It's really starting to look like a house now. I'm struggling not to think ahead. I want to finish the exterior because I have a lot of ideas about the interior. I've got other work and things to do, so I'm eager to get it weather-tite, so I don't feel the pressure to make progress every day. I've been pretty crappy about keeping track of my actual time spent on this project, but I'm pretty sure I'm in the neighborhood of 100 hours. Sounds like a lot, but I'm pretty pleased with the progress, especially considering 95% of the work has been done alone.
Took a full day off Monday to cut firewood. It's pointless to spend $$ on firewood when you're surrounded by acres and acres of forest. I cut down a few standing dead trees, which after I split them, they are ready to burn. Had a few small trees that have fallen during storms, and cut them up too.
More details next post. Until then, I've tried to take a few pics that are from some different angles. Thanks for those of you following this!
Wow, it's been a busy week. I didn't even have time to update this blog like I wanted.
In the past week, I've finished installing sheathing on all four sides. I built some stairs, which are in temporarily, just to see how they feel. So far, so good. They will come out when I start on the interior walls. I framed out the bathroom, but haven't installed the door yet. The big chore was raising the ridge beam and installing the rafters, which support the roof.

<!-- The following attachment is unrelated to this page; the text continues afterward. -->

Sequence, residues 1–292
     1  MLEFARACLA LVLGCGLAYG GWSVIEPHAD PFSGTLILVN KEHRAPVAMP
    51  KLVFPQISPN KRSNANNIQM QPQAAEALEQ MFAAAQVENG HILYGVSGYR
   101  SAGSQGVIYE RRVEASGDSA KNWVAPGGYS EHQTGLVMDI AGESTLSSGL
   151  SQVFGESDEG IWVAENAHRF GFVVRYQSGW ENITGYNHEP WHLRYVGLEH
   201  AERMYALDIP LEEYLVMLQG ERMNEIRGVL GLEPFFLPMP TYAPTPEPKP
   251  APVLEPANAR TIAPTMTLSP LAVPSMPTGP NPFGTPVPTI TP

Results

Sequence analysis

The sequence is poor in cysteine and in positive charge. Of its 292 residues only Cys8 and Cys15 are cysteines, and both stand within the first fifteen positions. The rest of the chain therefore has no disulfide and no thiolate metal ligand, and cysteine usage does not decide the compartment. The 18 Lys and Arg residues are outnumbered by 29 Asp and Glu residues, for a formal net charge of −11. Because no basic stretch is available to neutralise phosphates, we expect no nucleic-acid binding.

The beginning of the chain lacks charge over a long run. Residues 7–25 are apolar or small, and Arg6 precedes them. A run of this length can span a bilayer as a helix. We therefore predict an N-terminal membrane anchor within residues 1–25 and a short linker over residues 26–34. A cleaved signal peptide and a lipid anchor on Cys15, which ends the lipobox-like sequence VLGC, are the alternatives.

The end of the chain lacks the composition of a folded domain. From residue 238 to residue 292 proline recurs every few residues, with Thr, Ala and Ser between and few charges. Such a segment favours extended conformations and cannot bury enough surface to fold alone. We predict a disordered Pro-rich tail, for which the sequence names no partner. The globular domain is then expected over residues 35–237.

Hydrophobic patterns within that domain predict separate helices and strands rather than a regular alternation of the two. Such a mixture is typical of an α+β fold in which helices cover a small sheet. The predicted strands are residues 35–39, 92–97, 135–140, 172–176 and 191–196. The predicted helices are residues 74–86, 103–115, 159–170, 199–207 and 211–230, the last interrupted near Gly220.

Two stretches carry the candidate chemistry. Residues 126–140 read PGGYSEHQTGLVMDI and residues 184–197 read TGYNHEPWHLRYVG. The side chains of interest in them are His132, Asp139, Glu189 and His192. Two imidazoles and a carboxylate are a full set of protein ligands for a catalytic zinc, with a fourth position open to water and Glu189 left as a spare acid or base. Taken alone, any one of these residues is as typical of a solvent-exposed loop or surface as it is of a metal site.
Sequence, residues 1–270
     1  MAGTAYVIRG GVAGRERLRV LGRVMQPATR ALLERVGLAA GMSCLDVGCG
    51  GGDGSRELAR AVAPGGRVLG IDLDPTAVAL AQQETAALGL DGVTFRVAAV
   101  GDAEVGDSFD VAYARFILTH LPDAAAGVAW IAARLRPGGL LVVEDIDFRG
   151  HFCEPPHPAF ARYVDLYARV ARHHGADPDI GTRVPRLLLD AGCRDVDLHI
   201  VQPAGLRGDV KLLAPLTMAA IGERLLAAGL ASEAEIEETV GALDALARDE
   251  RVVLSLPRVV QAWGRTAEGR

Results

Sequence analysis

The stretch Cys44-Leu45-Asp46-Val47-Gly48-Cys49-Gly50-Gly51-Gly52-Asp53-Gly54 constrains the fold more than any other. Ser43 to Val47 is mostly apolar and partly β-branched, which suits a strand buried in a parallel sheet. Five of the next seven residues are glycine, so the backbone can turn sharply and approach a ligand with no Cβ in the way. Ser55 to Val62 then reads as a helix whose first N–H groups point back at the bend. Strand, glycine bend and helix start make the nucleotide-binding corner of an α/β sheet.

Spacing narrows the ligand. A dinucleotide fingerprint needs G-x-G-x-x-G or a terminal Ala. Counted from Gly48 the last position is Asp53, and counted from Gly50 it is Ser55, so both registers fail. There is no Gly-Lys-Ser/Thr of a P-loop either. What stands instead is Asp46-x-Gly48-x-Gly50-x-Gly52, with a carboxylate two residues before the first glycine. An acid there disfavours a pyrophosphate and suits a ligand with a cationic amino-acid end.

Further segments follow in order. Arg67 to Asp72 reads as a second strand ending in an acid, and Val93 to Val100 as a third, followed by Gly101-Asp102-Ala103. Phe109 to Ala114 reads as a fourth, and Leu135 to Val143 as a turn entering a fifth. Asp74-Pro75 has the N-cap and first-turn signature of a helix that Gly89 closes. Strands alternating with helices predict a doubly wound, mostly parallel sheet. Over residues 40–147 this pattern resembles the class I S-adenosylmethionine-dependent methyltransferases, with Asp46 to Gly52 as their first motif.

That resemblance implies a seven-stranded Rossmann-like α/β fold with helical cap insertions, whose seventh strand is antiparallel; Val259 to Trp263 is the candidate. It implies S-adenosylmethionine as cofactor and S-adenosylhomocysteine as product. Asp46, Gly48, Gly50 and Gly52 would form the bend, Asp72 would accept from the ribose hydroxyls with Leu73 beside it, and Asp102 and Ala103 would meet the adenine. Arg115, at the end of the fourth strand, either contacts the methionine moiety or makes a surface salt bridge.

I also moved the window that was initially close to the main entrance, and put it into the bathroom. Framing the gable ends of the house involved making rough openings for the windows, as well. I've started installing the house wrap, which protects the underlayment from moisture, and goes between the wall studs and the finished exterior. I picked up a few sample pieces of a concrete-type finish that is made to resemble staggered cedar shingles. It looks pretty good. I normally don't like "fake" wood, but the house will be in the shade (and prone to moisture) several months of the year, and I just feel like it will hold up better.
I hope to get the windows installed permanently tomorrow, before the rain is supposed to come. It doesn't look like I'll get to start on sheathing the roof before the weekend, so I'm off to buy another big tarp (to match the one I already have) and put it over the rafters to protect the interior from getting wet this weekend.
Here's a bunch of pics. Don't have a lot of time today!